The theater legend, who wrote Death of a Salesman and was once married to Marilyn Monroe, succumbs at his home in Connecticut

By People Staff
Updated February 11, 2005 11:00 AM

Renowned playwright Arthur Miller has died at the age of 89.

The Pulitzer Prize-winning writer, perhaps most famous for his classic American drama Death of a Salesman, and whose fame was further catapulted by his marriage to Marilyn Monroe, succumbed Thursday night, his assistant, Julia Bolus, told the Associated Press.

Miller, who was battling cancer and pneumonia, reportedly died of congestive heart failure. He had been receiving hospice care in New York but earlier this week, Miller asked to be taken by ambulance to his longtime home in Roxbury, Conn., where he passed away. Prior to his death, family and friends had gathered at the bedside of the ailing theater legend, the New York Post reported.

Miller’s career was marked by early success. He was awarded the Pulitzer Prize for Death of a Salesman in 1949, when he was just 33. His other works included The Crucible, A View from the Bridge and After the Fall, which was viewed, in part, as a fictionalized account of his tumultuous marriage to Monroe.

Prior to his marriage to the actress in 1956 (they divorced in 1961), Miller was wed for 16 years to Mary Grace Slattery, with whom he had two children, Jane Ellen and Robert. He was then married to Inge Morath for 40 years, until her death in 2002. The couple had one child, Rebecca.

In a 1992 interview with a French newspaper, he called Monroe “highly self-destructive” and said that during their union, “all my energy and attention were devoted to trying to help her solve her problems. Unfortunately, I didn’t have much success.”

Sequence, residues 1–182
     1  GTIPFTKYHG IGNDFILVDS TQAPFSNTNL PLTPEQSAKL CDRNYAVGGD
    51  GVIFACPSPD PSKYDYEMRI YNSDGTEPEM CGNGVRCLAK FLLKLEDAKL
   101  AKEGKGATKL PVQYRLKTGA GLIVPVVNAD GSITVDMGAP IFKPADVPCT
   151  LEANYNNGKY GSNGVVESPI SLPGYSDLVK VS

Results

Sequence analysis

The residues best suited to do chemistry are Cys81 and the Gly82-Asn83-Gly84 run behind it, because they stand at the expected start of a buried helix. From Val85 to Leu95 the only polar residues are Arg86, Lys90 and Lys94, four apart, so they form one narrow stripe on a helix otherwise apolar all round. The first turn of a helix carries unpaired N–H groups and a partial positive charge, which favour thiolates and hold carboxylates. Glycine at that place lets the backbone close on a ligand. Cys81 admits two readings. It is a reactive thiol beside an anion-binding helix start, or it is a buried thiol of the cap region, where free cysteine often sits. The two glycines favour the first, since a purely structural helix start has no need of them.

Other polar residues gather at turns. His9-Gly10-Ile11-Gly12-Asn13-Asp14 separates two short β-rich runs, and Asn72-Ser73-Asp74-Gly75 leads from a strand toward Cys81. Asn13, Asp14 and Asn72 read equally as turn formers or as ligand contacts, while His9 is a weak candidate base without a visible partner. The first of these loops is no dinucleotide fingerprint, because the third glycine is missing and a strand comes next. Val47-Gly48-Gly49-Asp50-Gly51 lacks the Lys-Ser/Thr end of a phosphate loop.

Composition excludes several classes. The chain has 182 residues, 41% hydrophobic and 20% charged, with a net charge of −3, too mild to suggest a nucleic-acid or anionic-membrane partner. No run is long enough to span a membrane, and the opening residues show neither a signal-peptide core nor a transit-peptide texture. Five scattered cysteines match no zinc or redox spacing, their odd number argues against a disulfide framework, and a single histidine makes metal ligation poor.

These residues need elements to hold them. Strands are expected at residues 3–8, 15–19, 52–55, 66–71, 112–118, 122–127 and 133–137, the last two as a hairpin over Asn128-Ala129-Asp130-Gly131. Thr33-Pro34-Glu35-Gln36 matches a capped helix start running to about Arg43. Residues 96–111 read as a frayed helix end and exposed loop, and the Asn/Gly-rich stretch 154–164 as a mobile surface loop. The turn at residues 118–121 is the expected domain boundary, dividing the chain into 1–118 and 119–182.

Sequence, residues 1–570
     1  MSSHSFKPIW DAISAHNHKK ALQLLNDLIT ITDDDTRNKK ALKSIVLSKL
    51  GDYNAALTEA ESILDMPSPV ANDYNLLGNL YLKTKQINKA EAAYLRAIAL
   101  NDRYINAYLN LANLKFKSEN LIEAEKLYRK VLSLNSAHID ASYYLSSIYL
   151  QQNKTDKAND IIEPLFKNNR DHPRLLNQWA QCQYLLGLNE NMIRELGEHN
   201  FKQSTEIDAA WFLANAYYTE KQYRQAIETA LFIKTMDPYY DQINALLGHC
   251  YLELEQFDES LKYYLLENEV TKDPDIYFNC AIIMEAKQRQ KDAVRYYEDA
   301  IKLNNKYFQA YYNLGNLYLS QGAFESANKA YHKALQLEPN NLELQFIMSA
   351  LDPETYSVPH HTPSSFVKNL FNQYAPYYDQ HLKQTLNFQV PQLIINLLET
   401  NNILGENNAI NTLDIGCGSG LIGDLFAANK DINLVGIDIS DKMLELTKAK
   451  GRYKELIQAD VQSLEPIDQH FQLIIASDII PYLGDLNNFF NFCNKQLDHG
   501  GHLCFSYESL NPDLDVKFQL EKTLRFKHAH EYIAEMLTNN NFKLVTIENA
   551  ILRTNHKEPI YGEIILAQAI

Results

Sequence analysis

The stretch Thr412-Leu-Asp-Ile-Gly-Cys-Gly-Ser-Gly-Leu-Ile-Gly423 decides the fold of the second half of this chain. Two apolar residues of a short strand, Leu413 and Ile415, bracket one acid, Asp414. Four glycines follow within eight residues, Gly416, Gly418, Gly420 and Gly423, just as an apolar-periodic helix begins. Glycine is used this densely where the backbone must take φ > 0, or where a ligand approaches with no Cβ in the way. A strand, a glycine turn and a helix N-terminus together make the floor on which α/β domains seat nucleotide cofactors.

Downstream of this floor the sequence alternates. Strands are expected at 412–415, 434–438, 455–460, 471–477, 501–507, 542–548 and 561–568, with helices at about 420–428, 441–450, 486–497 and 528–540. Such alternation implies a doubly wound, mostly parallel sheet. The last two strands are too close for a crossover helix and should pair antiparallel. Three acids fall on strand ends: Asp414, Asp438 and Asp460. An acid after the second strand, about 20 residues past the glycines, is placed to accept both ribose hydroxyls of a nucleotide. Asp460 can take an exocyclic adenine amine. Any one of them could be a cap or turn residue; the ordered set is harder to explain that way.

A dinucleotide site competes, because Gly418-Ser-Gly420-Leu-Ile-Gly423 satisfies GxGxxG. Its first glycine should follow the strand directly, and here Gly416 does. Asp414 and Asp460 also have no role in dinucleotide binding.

Reminiscing about Monroe in his 1987 autobiography, Timebends: A Life, Miller wrote: “To have survived, she would have had to be either more cynical or even further from reality than she was. Instead, she was a poet on a street corner trying to recite to a crowd pulling at her clothes.”

Over his career, Miller received Tony Awards for All My Sons (1947), Death of a Salesman (1949) and The Crucible (1953). He also received a lifetime achievement Tony in 1999. During his acceptance speech, Miller, who had become disillusioned by the politics of Broadway, said: “I hope that a new dimension and fresh resolve will inspire the powers that be to welcome fiercely ambitious playwrights.”

During the 1970s and ’80s, Miller fell out of favor with the critics. But his popularity soared again in the late ’90s with acclaimed revivals of A View from the Bridge, Death of a Salesman, The Price and The Crucible. All four plays were nominated for Tony Awards, with the first two winning. His latest play, Finishing the Picture, about his experiences with Monroe on the set of their ill-fated movie The Misfits, premiered in Chicago last fall to mixed reviews.

By Miller’s side before his death were his daughter, Rebecca, an actress who is married to actor Daniel Day-Lewis; his grandchildren; and his 34-year-old girlfriend, the painter Agnes Barley.